Many of the chapters only seem to address one approach or viewpoint within orthodox Christianity and they often only speak to a narrow audience. If the book were written to the lone pastor who serves the small church, this book would work well. However, many of the topics are challenging for church pastors who are called but share the workload. For example, in his chapter on preaching, MacArthur is very clear that pastors are preachers. He leaves little room for any other kind of pastoring or shepherding. The problem however, is that in many churches there are fantastic preachers working side-by-side with fantastic and gifted discipling pastors, counseling pastors, evangelists, and teachers. The body is gifted with many different gifts and God’s tool box has many different kinds of tools for the advancement of the Kingdom; yet, MacArthur completely neglects this diversity of skills and talents. Surely, looking around the globe, there are some different opinions that may still fall within biblical pastoral ministry. MacArthur not only completely neglects these other ideas or methods, he appears to assume that there could be only one approach. This is not to say that every chapter deals with this problem considering that some aspects of the pastorate are universal, such as character and the necessity for prayer.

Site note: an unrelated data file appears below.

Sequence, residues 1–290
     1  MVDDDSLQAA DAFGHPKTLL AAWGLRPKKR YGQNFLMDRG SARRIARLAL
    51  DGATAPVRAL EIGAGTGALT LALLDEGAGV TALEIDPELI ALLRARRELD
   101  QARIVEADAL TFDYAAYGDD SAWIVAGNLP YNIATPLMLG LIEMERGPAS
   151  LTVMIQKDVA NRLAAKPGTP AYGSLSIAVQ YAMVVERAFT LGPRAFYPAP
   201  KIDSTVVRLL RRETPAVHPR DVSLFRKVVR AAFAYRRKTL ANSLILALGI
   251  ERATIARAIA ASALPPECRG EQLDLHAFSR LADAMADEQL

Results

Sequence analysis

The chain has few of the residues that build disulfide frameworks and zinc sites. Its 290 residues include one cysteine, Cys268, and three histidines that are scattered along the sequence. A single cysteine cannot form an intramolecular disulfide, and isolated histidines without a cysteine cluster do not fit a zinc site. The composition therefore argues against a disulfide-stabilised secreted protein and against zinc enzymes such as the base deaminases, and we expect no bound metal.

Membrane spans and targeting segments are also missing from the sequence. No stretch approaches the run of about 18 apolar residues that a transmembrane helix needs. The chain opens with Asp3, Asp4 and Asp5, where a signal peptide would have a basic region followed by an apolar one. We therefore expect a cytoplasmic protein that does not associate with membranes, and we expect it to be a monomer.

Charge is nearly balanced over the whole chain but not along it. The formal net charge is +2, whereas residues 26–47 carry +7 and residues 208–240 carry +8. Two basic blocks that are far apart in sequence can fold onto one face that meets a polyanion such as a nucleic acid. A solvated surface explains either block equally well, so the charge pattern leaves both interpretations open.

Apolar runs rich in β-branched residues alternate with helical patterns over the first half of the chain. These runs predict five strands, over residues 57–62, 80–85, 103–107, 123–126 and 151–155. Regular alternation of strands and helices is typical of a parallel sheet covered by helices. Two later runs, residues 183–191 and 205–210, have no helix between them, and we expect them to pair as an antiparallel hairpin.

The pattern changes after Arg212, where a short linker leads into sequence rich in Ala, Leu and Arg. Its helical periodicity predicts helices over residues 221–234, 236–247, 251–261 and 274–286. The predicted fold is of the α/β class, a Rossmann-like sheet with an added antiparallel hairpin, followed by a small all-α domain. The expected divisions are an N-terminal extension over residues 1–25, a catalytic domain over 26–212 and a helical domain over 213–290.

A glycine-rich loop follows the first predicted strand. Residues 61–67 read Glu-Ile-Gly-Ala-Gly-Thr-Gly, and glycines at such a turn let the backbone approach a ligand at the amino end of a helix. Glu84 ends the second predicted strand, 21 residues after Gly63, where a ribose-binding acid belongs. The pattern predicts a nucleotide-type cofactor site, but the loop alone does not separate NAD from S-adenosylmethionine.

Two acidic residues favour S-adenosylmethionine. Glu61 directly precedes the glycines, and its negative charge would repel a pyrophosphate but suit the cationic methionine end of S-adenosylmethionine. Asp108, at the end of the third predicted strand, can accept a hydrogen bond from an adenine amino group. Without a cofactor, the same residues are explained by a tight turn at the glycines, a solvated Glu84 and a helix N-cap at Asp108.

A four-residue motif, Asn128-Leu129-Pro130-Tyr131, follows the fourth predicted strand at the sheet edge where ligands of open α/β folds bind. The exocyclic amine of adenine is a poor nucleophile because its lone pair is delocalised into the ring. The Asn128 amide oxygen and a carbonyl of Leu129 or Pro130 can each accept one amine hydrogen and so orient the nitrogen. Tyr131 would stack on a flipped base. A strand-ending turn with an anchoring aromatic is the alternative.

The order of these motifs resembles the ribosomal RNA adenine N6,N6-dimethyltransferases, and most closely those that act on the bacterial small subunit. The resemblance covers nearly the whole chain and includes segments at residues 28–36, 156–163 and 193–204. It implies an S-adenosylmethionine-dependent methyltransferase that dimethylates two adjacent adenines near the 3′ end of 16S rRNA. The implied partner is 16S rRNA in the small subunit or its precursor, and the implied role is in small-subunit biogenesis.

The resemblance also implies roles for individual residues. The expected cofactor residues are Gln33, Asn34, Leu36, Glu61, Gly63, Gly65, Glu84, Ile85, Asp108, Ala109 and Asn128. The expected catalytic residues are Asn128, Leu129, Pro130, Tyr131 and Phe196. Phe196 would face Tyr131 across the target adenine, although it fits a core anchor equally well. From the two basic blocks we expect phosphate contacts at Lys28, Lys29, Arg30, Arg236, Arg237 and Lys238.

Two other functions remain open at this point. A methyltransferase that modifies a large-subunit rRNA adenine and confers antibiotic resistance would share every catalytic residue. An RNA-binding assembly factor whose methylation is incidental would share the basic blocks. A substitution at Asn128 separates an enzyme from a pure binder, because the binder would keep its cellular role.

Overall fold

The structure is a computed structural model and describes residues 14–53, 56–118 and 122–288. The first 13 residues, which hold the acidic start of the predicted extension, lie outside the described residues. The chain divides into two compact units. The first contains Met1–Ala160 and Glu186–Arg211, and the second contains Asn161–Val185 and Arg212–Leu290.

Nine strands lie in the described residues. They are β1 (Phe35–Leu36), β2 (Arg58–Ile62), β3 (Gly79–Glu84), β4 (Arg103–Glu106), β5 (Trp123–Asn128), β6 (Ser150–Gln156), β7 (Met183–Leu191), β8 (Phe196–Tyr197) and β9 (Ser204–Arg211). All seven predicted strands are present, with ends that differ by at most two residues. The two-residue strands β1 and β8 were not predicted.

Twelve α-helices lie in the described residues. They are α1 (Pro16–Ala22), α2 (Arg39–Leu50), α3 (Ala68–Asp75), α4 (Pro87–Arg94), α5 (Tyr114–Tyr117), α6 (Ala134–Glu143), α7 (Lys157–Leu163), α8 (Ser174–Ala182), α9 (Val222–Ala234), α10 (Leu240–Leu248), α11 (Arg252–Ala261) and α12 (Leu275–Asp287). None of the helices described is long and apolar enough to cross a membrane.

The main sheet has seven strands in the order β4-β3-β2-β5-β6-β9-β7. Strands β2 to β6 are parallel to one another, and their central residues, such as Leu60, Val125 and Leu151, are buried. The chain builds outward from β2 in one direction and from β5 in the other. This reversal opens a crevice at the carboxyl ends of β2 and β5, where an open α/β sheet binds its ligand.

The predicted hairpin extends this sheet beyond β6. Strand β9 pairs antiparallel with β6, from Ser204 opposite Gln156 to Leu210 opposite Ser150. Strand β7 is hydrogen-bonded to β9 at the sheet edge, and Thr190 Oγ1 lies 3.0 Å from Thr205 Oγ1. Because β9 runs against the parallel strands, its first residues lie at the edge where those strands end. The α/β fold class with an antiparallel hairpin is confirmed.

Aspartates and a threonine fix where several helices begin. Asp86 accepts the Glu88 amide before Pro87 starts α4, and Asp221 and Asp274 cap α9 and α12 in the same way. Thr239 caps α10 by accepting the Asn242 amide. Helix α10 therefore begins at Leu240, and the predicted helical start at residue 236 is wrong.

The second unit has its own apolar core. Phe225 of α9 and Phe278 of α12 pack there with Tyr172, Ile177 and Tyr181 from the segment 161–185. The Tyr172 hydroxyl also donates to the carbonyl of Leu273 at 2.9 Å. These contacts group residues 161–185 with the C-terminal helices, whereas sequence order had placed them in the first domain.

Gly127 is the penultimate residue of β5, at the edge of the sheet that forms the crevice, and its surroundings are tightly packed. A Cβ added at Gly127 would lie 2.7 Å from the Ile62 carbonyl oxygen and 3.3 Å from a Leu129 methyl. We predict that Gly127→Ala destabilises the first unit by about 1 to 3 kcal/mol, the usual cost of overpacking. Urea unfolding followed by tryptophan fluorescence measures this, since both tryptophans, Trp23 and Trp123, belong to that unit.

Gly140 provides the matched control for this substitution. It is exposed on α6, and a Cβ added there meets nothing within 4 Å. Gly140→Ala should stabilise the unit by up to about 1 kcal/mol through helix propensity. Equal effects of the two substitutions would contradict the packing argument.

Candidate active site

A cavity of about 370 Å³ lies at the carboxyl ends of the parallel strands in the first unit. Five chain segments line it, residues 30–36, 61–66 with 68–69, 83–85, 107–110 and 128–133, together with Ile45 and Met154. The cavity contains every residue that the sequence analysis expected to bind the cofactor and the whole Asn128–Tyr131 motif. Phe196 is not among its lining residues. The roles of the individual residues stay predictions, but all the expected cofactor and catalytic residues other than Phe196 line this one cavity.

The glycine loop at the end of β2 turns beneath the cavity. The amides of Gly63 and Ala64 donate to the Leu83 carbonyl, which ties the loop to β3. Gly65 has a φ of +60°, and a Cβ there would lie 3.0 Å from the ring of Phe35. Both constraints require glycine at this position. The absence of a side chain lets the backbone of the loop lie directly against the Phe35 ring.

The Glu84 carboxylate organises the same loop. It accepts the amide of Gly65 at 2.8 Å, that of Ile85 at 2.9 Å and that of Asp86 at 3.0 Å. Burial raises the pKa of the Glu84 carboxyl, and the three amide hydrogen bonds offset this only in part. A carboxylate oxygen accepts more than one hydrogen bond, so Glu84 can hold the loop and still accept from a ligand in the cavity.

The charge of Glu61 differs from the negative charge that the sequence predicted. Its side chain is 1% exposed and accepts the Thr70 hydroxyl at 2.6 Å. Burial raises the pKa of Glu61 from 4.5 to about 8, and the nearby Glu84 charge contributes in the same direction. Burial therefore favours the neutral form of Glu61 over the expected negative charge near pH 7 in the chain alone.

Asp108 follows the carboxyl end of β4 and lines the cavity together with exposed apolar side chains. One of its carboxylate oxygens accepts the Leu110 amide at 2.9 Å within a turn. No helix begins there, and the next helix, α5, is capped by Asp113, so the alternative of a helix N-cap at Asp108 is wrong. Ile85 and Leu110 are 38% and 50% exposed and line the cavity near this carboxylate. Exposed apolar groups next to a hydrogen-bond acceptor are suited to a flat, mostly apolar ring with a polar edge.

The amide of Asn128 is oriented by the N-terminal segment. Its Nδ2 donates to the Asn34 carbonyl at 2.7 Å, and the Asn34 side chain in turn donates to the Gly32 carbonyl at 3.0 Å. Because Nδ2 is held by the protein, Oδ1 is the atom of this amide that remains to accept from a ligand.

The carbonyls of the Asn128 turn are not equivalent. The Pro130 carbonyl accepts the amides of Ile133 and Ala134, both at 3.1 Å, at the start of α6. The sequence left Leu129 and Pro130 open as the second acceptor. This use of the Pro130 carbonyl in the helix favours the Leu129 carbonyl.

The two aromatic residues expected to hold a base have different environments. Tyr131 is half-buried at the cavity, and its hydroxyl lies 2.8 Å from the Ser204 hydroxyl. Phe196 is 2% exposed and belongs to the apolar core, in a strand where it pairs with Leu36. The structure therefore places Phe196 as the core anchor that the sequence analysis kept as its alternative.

Although the book does not achieve its lofty implied goal, it does offer some instruction and encouragement in specific areas. Of some of the best material, the chapter titled “The Call to Pastoral Ministry” is a gem within the pages of this book. So many pastors neglect this extremely important aspect of ministry, as do many books written for pastors on the topic of the pastorate. Opening the chapter, James M. George—the contributor of this specific chapter—writes, “This chapter will explain what is involved with the call and will seek to alleviate the misunderstandings surrounding this unique experience” (81). This statement could not be more correct. The chapter sought to address this issue well and that is what was achieved. Various aspects of the call were discussed, to include what the call is, the confirmation, giftedness and potential, and why it is important, and the pitfalls of working in the pastorate without a call from God. The structure of this chapter is such that it encourages those with a call, should warn those without a call, and it instructs other pastors how to see the call in prospective, potential leaders. Had this been the structure of the entire book, Pastoral Ministry may have come much closer to reaching its stated goals.

MacArthur, John. Pastoral Ministry: How to shepherd Biblically. Nashville, Tenn: Thomas Nelson, 2005.